Too many dinosaurs

Maggie Koerth-Baker has a very nice piece in FiveThirtyEight about the high proportion of dinosaur genus names that have eventually been discarded over the years: “All Those New Dinosaurs May Not Be New — Or Dinosaurs”. She focuses on the work of Michael Benton, who has worked to document the number of named dinosaur genera that have fallen into disuse over the years.

Facts like this make paleontology seem hopelessly flawed. But there are good reasons to think that we’re getting better at naming dinosaurs, not worse, Benton said. Compared with 50 years ago, dinosaur names are now based on larger quantities of fossil evidence, and that evidence is evaluated in far more detailed, scientific ways. The theropod-herbivore imbalance suggests there is still something deeply wrong, but it’s not unfixable.

The bottom line is that nearly half of dinosaur genera named between 1850 and 1980 have been “sunk” by later scientists.

Is that a bad thing?

Actually, I view it as a very good thing that taxonomic proposals are subjected to strong testing as our knowledge increases. This is the way that biological science works. New discoveries that provide previously unknown parts for old fossil organisms allow them to be compared in new ways. New discoveries about the variation within known taxa can cause us to change what we see as sufficient to test a phylogenetic hypothesis. And new insights about biogeographic connections cause us to look at old data in a new light.

If we look at human evolution, the proportion of genera lost over the years is much greater. At a maximum today scientists accept just eight, with more than a dozen having been cast aside, also mostly before 1980. As in the case of dinosaurs, we are likewise in the midst of a taxonomic burst in naming hominin genera. Five of the eight hominin genera now accepted by many anthropologists were named after the year 1990, four after 2000.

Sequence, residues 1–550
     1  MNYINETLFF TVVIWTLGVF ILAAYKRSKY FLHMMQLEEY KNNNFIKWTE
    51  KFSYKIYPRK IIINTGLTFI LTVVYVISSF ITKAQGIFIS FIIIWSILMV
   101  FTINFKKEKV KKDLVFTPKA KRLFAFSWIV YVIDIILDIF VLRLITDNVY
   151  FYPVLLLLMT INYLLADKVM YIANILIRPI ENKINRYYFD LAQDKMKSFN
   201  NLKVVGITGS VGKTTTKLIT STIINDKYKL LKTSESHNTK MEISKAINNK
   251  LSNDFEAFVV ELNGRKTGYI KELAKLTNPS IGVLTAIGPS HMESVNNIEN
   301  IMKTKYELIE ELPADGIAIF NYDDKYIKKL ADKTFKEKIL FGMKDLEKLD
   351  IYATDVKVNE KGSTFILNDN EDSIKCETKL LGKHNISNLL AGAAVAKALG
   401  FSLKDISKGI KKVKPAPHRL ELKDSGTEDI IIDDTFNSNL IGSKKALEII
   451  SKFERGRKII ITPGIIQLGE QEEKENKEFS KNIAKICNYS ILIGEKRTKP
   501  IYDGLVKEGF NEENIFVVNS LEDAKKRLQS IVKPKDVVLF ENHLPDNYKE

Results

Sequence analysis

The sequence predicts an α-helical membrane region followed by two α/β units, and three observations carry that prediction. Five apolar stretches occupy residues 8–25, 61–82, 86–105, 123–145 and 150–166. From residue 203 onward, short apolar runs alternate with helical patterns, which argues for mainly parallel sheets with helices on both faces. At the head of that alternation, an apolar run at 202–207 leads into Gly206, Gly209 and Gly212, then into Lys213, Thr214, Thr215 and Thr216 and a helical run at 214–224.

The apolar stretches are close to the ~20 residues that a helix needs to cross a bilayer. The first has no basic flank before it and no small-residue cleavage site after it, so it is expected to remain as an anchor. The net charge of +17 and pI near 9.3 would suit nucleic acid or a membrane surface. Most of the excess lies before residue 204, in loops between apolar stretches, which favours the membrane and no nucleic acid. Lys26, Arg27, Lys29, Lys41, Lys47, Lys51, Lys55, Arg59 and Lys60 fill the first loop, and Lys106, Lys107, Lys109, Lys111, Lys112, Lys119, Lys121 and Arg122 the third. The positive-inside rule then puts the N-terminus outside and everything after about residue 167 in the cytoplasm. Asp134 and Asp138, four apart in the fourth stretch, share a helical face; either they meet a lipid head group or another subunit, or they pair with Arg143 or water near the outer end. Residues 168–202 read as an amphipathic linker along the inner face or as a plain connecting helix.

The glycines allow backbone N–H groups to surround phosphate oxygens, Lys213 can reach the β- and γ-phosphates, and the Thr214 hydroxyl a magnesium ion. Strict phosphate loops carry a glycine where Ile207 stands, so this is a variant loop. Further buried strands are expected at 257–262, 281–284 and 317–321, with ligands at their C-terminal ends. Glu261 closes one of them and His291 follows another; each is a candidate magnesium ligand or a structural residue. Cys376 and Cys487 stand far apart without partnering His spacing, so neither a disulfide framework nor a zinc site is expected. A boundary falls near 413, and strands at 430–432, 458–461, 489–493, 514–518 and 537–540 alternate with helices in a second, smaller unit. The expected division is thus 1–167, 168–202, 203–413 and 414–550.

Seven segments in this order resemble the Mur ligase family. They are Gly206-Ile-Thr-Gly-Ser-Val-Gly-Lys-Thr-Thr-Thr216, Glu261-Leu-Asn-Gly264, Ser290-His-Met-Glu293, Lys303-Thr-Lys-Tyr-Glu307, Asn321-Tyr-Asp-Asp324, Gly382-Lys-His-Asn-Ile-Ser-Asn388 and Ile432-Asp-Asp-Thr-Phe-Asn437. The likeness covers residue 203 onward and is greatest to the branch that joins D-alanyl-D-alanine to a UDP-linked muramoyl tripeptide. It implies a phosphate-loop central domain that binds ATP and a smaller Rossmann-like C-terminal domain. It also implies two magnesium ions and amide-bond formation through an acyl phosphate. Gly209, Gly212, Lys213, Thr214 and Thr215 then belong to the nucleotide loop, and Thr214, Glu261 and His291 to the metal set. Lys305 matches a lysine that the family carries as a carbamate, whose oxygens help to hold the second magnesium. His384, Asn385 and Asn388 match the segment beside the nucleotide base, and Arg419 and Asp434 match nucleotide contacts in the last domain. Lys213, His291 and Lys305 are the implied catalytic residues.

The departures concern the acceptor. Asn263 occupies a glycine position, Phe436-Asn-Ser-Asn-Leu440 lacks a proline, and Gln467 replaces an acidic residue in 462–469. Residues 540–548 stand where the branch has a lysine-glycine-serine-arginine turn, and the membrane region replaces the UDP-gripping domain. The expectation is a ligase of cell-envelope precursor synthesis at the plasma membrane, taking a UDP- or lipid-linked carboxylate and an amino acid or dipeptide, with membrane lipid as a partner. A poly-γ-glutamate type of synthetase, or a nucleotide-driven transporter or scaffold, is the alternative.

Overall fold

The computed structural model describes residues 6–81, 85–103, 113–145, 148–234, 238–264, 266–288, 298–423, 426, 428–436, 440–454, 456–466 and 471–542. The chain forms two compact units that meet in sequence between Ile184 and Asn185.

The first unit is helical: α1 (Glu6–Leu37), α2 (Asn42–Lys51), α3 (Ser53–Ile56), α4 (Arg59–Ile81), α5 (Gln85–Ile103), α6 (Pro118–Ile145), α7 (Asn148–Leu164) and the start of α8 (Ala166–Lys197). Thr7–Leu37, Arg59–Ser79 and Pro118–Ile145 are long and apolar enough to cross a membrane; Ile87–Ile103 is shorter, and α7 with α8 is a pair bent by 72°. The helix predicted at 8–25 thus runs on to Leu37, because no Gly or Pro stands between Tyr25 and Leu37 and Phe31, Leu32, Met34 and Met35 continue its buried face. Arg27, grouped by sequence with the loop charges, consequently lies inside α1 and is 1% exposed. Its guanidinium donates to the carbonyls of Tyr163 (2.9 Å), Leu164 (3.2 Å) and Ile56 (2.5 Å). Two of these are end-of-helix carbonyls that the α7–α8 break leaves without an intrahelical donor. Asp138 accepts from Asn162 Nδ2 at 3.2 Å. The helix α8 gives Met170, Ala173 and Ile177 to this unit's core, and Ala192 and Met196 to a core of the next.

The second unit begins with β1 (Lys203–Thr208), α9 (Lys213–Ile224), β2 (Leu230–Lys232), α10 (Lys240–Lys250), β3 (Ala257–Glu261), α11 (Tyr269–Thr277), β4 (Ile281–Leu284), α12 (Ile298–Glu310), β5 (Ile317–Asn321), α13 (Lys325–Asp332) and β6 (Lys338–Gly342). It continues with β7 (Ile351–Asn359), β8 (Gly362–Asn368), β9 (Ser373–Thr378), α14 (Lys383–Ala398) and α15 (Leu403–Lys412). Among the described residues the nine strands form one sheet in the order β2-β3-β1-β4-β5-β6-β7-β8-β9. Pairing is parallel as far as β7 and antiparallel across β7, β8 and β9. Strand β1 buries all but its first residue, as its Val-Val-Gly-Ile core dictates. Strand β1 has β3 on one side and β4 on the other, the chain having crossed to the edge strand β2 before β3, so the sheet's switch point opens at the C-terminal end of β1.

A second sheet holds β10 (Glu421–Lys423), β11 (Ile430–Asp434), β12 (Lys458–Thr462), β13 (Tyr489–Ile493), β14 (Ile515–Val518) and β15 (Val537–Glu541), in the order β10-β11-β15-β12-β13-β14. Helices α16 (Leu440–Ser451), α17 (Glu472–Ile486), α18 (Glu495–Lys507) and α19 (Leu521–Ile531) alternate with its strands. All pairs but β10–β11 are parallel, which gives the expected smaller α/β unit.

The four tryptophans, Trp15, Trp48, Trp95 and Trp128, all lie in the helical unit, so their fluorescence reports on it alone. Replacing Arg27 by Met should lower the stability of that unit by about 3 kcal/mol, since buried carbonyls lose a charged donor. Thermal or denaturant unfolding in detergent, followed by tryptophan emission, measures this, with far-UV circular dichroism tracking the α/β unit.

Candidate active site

Of course, the way that scientists have used the genus as a taxonomic category has changed over the years. Taxonomists were very free with genus names before the New Synthesis in the 1940s, and tightened up to some degree afterwards. Later, after the 1980s, genera took on a different role in taxonomic practice, as systematists began to insist that a genus should always be a monophyletic group.

That shift has particularly driven the increase in hominin genus naming over the last twenty years. The pattern of relationships in the hominin clade, with only one surviving species, has been hard to resolve. When a single cladistic analysis can change the sister groupings of different hominin species, it makes it easy for many anthropologists to attack large grade-based genera like Australopithecus. This phenomenon has caused one “sunk” genus to be revived, Praeanthropus, and others to be named, like Kenyanthropus. With the earliest hominins, each may arguably occupy a position branching from the stem of the later hominin tree, making it impossible to say they belong to a monophyletic group with other early species, even if they collectively may represent very similar adaptive patterns.

We may later discover more evidence of these early hominin taxa, discovering (as some have claimed) that they are in fact close relatives that should be placed within the same genus. If so, we may see a resurgence of the days when hominin genera were sunk.